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Before 1919, there were no “hard” hats for those working in construction, mining, or other jobs requiring protective headgear today. In fact, protective headgear wasn’t required until the early 1970s, almost 51 years after the hard hat was created.
 
Lt. Edward Wheatley Bullard of the US Calvary in WWI is to thank for this industrial safety movement. He recognized the importance of head protection and became inspired after climbing out of the French trenches.
 
The inspiration came from the metal helmets worn by doughboys to deflect bullets. Before hard hats, miners and construction workers wore leather hats that did not do much in the way of protection. Bullard invented the first “Hard Boiled” Hat which he marketed towards miners – an occupation he was well acquainted with due to the nature of his family’s equipment supply business.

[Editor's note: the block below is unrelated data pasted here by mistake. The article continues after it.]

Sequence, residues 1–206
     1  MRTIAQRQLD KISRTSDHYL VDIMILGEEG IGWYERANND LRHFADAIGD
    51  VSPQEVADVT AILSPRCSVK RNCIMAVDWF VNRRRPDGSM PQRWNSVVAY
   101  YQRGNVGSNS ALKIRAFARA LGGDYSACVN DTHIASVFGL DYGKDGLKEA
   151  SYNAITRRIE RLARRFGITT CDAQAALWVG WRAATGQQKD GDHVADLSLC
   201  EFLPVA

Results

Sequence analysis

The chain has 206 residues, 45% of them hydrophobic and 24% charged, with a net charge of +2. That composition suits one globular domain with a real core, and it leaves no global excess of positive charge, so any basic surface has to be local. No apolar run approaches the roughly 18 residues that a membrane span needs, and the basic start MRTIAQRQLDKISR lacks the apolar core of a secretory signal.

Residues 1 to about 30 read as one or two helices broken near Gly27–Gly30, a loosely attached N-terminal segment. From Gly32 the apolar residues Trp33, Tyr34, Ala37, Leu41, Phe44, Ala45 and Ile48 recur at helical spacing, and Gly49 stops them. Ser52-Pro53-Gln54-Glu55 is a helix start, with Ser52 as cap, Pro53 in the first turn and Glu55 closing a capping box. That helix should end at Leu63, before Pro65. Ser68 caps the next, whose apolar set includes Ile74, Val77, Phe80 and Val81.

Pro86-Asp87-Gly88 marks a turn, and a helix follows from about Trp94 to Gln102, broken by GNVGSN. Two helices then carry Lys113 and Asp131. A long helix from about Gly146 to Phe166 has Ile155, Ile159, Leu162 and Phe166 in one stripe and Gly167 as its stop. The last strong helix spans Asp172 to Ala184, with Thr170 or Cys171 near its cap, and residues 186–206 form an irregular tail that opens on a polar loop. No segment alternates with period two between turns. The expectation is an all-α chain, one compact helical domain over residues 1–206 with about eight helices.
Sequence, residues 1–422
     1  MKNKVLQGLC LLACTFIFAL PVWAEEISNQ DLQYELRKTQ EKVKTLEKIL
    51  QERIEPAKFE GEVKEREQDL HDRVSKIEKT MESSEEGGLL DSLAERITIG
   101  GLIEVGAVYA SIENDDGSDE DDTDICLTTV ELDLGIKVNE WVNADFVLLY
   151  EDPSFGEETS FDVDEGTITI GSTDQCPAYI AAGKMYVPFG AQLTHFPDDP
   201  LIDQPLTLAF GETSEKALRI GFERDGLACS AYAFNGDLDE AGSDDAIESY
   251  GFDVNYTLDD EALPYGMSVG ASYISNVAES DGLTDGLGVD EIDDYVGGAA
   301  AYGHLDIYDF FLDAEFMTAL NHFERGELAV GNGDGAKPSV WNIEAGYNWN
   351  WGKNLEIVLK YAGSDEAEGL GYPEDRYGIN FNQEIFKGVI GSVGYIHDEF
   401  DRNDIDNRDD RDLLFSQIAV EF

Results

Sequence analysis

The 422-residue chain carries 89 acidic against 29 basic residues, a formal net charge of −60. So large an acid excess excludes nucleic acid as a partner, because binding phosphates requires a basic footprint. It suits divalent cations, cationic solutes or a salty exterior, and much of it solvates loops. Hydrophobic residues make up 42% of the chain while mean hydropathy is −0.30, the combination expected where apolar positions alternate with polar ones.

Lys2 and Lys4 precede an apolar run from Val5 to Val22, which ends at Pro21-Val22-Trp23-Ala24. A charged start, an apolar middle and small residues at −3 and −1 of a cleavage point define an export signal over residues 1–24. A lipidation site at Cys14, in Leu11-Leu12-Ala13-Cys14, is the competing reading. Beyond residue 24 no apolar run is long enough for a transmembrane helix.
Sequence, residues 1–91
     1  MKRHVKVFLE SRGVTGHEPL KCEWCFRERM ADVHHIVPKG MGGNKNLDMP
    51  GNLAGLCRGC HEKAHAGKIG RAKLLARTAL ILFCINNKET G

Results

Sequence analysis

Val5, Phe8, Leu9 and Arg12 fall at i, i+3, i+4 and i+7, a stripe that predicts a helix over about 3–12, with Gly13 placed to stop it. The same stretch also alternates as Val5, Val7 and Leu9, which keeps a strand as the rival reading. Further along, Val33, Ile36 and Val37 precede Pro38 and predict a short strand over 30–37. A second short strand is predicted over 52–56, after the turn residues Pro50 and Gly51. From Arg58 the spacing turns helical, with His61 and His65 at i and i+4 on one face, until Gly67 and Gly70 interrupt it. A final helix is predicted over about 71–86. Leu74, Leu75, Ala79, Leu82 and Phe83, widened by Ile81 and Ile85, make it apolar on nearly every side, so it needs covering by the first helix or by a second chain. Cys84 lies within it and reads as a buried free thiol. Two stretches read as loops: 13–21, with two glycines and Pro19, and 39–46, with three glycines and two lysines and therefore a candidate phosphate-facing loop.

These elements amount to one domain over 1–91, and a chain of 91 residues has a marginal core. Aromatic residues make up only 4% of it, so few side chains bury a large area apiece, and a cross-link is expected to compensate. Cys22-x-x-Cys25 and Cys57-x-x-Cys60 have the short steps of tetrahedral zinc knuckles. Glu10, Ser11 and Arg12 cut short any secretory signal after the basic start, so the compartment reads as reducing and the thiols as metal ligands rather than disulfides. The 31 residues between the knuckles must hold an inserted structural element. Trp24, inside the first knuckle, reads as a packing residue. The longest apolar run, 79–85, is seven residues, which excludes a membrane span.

As a surprisingly user-focused inventor, he recognized that miners could not afford the metal hats worn by doughboys and sought to find an alternative that still supplied the same amount of protection. The metal hat was also a lot heavier than his Hard Boiled one which would create issues with fatigue. Using steamed canvas, leather, glue, an elementary suspension, and black paint shellacked on the hat, the first Hard Boiled Hat was born.
 
In the 1930’s during the construction of the Golden Gate Bridge, the design was altered slightly to help reinforce against falling rivets. It was also the first designated construction area that required the use of hard hats – a very progressive safety move at the time.
 
Today, OSHA requires, in 29 CFR 1910.135, that if the following hazardous conditions are present, then head protection must be worn:
  • Objects might fall from above and strike employees on the head
  • There is potential for employees to bump their heads against fixed objects, such as exposed pipes or beams
  • There is a possibility of accidental head contact with electrical hazards